The critical period for vocal learning is a developmental characteristic shared by both humans and certain songbirds. The central nervous system (CNS) is known to undergo several changes that are associated with the closure of the critical period, specifically the formation of extracellular matrix (ECM) components known as Perineuronal nets (PNNs). The closure of the vocal learning critical period in the zebra finch results in a highly stereotyped song that remains unchanged for the life of the bird. Therefore, PNNs are linked to a decrease in song variability and neural plasticity; so does destruction of PNNs reopen the critical period? Destruction of PNNs, by using the enzyme chondroitinase ABC, has been shown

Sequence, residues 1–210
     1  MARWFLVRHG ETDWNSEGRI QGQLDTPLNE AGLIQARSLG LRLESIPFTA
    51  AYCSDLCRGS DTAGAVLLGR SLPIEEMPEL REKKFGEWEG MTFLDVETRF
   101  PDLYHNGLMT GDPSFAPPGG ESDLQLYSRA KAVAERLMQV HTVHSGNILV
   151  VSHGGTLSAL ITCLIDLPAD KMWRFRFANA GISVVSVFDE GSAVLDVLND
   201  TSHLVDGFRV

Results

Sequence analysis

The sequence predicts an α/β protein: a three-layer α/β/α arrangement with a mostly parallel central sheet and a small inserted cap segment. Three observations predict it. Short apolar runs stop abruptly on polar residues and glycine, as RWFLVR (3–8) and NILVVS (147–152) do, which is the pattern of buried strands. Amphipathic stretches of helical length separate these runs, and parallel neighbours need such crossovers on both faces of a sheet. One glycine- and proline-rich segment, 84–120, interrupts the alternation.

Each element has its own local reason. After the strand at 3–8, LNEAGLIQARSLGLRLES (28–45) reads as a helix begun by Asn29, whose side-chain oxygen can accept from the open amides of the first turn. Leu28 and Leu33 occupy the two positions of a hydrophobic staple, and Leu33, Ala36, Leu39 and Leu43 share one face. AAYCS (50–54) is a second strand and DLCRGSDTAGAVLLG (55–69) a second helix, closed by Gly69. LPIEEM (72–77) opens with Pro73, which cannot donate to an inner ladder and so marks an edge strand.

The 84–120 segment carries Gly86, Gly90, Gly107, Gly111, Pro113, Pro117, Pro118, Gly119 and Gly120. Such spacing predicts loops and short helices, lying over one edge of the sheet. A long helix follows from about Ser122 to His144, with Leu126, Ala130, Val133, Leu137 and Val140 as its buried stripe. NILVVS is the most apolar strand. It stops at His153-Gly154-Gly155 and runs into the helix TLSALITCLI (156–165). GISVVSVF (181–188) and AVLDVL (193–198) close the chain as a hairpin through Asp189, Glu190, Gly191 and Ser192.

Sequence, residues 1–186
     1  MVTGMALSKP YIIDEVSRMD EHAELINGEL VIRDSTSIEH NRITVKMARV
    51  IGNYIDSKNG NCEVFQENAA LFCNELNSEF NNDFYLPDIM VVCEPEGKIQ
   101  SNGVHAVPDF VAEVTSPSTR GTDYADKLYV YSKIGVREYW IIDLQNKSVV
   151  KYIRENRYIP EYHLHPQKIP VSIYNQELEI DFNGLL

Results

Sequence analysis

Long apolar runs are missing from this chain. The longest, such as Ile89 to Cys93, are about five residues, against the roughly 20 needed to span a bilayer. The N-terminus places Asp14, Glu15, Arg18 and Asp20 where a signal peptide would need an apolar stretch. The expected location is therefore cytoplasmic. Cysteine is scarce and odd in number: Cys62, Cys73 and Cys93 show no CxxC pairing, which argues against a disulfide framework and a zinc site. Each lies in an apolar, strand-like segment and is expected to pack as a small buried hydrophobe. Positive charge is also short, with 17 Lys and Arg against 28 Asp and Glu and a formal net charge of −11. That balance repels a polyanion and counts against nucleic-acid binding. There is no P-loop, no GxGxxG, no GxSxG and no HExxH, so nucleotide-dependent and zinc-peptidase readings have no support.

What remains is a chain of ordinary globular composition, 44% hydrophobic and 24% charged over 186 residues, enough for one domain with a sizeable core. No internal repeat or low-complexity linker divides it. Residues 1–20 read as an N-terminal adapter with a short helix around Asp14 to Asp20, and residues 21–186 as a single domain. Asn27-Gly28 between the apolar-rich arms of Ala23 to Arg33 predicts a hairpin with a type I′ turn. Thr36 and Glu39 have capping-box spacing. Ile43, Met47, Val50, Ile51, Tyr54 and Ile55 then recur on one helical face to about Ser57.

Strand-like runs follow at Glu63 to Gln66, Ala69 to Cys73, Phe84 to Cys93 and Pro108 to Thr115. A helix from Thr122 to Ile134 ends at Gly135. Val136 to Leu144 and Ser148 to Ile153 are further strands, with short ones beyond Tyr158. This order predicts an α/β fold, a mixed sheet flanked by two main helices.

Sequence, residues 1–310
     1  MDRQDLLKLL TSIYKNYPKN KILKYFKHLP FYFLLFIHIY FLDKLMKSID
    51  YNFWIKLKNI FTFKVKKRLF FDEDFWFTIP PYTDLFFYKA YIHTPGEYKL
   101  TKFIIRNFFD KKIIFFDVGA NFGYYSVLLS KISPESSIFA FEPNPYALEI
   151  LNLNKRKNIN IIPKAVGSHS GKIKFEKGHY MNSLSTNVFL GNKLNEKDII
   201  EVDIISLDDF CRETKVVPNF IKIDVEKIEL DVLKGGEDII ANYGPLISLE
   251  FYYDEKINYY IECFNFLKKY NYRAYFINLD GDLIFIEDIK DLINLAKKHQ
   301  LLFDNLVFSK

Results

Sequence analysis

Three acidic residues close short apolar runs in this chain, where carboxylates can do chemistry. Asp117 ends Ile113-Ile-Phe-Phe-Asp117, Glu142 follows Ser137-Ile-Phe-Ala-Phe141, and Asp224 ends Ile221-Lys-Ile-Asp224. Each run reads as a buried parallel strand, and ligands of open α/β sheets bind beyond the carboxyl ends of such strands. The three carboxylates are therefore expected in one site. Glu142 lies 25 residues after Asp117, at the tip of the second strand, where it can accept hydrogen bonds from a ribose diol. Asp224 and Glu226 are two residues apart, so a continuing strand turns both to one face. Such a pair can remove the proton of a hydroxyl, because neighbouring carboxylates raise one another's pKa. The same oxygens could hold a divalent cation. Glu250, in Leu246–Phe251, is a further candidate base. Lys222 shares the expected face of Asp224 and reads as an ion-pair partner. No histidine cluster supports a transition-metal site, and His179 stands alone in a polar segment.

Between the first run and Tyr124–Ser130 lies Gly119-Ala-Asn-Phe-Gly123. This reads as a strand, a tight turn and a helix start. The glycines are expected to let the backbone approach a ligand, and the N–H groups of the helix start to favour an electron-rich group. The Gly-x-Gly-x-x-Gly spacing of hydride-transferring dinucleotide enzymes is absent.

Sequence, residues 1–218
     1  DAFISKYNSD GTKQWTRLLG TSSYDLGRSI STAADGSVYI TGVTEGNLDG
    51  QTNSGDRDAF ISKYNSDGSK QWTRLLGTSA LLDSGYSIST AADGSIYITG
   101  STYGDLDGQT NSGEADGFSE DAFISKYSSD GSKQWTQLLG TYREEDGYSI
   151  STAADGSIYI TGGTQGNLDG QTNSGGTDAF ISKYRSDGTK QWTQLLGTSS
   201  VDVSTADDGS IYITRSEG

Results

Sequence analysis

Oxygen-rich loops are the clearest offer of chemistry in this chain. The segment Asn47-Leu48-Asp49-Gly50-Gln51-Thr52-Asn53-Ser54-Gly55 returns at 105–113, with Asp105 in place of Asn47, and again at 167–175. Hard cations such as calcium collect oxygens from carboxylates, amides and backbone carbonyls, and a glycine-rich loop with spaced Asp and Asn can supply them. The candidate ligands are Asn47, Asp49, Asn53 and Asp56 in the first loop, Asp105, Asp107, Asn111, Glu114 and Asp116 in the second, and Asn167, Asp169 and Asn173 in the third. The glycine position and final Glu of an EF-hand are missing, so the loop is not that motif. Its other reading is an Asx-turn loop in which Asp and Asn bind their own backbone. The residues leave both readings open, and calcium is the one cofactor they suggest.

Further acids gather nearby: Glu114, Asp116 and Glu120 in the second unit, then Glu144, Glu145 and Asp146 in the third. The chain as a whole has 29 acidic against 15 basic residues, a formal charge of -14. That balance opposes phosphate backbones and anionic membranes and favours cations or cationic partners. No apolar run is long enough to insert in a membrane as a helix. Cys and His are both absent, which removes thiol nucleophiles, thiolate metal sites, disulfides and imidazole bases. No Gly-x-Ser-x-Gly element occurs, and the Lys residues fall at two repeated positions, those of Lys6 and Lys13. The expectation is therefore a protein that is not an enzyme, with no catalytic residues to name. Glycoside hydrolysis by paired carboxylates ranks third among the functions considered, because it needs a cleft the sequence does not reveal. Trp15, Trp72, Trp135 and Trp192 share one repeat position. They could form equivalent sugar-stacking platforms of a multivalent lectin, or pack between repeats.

to reopen the critical period for some sensory systems, but such a relationship has
not been found in more complex sensorimotor systems like the zebra finch song system. Evidence of a role in social modulation of song has been found for PNNs in the zebra finch song system. This paper describes other studies involving the PNN and neural plasticity, and an experiment that found a partial return to plasticity in the song system through destruction of PNNs coupled with social experience.